Microplastic = macroproblem
A century after the invention of plastic, it’s hard to imagine a world without the ubiquitous material in our everyday lives. It’s the baby’s pacifier. It’s the nylon fibers in our clothes. It’s the cell phone, laptop, iPod and television remote. It’s the ballpoint pen and credit card, the grocery bag and food container.
Clearly, plastic in all its forms has brought humankind all manner of affordability, durability and convenience. However, this amazing substance is a growing ecological threat.
Scientists began describing the problem of plastic debris in the environment in the 1960s. By the 1970s, researchers were reporting albatrosses ingesting plastic bottle tops and balloons, which blocked digestion and caused them to starve, as well as dolphins and turtles becoming entangled in fishing nets and drowning.
Some 40 years later, a small group of ecologists, marine biologists and other scientists are bringing awareness to an even greater threat — the widespread accumulation of small fragments of plastic known as “microplastic.”
International scientists met at UW Tacoma in fall 2008 to exchange research on this global pollutant. The National Oceanic and Atmospheric Administration (NOAA) sponsored the three-day international conference, bringing many of the best minds in the field together for the first time. They left knowing that far more research is needed to quantify microplastics’ prevalence, identify its sources and understand its full effects.
“In the past four decades, we’ve come to understand the ecological issues of large flotsam, but we lack substantive evidence on the consequences of the smallest plastic particles for marine ecosystems,” says Dr. Joel Baker, professor and Port of Tacoma Chair of environmental science at UW Tacoma. “We need to put energies into research—investigations of the kind that will allow the scientific community to draw solid conclusions.”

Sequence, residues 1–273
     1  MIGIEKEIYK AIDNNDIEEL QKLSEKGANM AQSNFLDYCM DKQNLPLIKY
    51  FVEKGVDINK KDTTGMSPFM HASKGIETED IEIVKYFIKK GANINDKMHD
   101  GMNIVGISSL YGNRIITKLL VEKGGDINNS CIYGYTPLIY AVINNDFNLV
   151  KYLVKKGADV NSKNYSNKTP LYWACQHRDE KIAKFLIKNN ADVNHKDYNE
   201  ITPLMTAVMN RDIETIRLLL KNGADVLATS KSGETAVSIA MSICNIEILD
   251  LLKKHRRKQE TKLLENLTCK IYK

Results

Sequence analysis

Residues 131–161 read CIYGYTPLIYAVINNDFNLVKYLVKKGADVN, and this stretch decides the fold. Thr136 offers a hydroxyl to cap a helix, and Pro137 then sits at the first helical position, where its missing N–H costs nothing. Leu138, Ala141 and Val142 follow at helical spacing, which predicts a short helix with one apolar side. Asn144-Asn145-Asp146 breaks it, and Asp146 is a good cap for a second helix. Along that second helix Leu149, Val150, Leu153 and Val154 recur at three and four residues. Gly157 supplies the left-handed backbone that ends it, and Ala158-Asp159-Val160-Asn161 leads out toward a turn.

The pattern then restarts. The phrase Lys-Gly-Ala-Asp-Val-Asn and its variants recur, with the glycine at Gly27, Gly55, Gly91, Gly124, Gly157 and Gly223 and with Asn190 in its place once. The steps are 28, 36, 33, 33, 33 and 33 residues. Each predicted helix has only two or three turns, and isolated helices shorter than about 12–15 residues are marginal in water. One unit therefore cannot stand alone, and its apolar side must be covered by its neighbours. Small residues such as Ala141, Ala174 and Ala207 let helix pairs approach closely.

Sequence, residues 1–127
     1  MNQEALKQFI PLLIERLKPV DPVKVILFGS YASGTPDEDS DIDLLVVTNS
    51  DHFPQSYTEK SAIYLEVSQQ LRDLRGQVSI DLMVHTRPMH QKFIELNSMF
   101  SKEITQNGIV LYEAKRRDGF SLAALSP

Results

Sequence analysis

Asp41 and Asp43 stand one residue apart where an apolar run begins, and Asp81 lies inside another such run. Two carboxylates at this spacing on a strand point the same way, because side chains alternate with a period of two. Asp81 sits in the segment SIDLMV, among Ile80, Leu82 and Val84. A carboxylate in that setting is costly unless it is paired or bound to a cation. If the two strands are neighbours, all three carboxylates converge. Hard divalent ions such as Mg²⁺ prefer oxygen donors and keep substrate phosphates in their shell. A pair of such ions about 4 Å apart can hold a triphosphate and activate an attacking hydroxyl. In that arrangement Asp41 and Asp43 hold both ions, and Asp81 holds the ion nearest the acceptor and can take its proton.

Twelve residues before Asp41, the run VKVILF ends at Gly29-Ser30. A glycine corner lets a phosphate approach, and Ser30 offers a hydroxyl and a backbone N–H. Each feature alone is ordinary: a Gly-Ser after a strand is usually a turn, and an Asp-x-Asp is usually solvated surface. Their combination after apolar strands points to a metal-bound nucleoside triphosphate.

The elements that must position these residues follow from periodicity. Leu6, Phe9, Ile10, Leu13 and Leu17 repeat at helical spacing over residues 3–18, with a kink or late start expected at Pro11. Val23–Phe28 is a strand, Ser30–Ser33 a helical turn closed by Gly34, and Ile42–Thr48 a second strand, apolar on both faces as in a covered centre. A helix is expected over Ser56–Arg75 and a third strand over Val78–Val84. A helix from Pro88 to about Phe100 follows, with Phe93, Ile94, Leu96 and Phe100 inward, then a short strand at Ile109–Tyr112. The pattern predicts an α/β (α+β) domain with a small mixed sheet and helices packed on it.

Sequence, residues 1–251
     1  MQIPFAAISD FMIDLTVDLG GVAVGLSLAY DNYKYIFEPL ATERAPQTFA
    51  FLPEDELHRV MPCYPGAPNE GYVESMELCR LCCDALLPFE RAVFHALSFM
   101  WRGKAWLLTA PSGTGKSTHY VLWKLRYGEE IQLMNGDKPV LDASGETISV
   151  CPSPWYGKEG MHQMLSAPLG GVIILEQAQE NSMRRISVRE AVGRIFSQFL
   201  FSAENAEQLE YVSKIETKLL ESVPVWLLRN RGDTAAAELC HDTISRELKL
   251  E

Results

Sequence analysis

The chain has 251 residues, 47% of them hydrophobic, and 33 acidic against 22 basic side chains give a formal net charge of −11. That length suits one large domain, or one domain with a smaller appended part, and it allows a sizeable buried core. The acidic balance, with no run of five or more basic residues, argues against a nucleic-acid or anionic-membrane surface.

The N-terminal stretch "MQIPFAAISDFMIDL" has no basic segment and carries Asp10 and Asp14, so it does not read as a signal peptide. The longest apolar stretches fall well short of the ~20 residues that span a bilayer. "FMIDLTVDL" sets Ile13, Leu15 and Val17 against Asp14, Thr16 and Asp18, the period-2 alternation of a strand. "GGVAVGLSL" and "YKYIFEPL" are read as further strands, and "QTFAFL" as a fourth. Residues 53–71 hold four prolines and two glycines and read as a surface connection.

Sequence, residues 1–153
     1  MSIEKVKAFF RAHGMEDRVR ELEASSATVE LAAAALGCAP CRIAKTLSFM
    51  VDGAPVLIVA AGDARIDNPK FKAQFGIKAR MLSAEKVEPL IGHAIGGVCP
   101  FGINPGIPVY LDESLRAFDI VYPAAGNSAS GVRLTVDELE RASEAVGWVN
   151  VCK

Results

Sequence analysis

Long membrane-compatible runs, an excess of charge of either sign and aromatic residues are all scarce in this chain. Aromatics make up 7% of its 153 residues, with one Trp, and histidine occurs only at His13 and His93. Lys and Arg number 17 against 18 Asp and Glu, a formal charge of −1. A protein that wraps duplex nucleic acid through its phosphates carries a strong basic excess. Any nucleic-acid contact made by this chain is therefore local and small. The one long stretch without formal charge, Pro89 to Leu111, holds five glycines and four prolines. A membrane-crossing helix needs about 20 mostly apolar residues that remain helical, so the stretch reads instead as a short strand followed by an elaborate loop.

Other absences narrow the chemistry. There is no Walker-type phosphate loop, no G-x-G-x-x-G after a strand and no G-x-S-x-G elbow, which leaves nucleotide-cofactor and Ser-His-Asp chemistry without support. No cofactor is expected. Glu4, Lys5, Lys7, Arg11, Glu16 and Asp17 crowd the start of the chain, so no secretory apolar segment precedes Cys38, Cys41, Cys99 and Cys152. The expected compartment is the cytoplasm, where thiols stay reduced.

Without definitive data it is difficult to rank microplastic’s effects on the environment with other known pollutants, Baker points out. But the occurrence of tiny plastics in global oceans and their potential for transporting toxic compounds may come to rival the worldwide prevalence of DDT (now banned in the United States and other countries) and its adverse effects on wildlife.
“Initial findings suggest that microplastics, like DDT and other ‘persistent pollutants,’ do not completely break down in the environment,” Baker says. “What is more, plastic particles in the ocean appear to have the capacity to absorb and desorb organic chemicals.”
Various studies have suggested that plastic specks in the water and sediment appear to absorb highly toxic and pervasive pollutants, such as PCBs and DDT. If the oceans’ smallest organisms are dining on plastics dosed up with toxins, then highly concentrated chemicals could possibly accumulate up the food chain.
The pioneering scientists studying the effects of small plastics on the environment do not advocate for life without plastic. However, they do hope to make a robust case for living in a world where plastic, in all its forms, causes as little ecological degradation to the planet as possible.
Written by Filiz Satir. Originally published in the Winter 2009 issue of Terrain.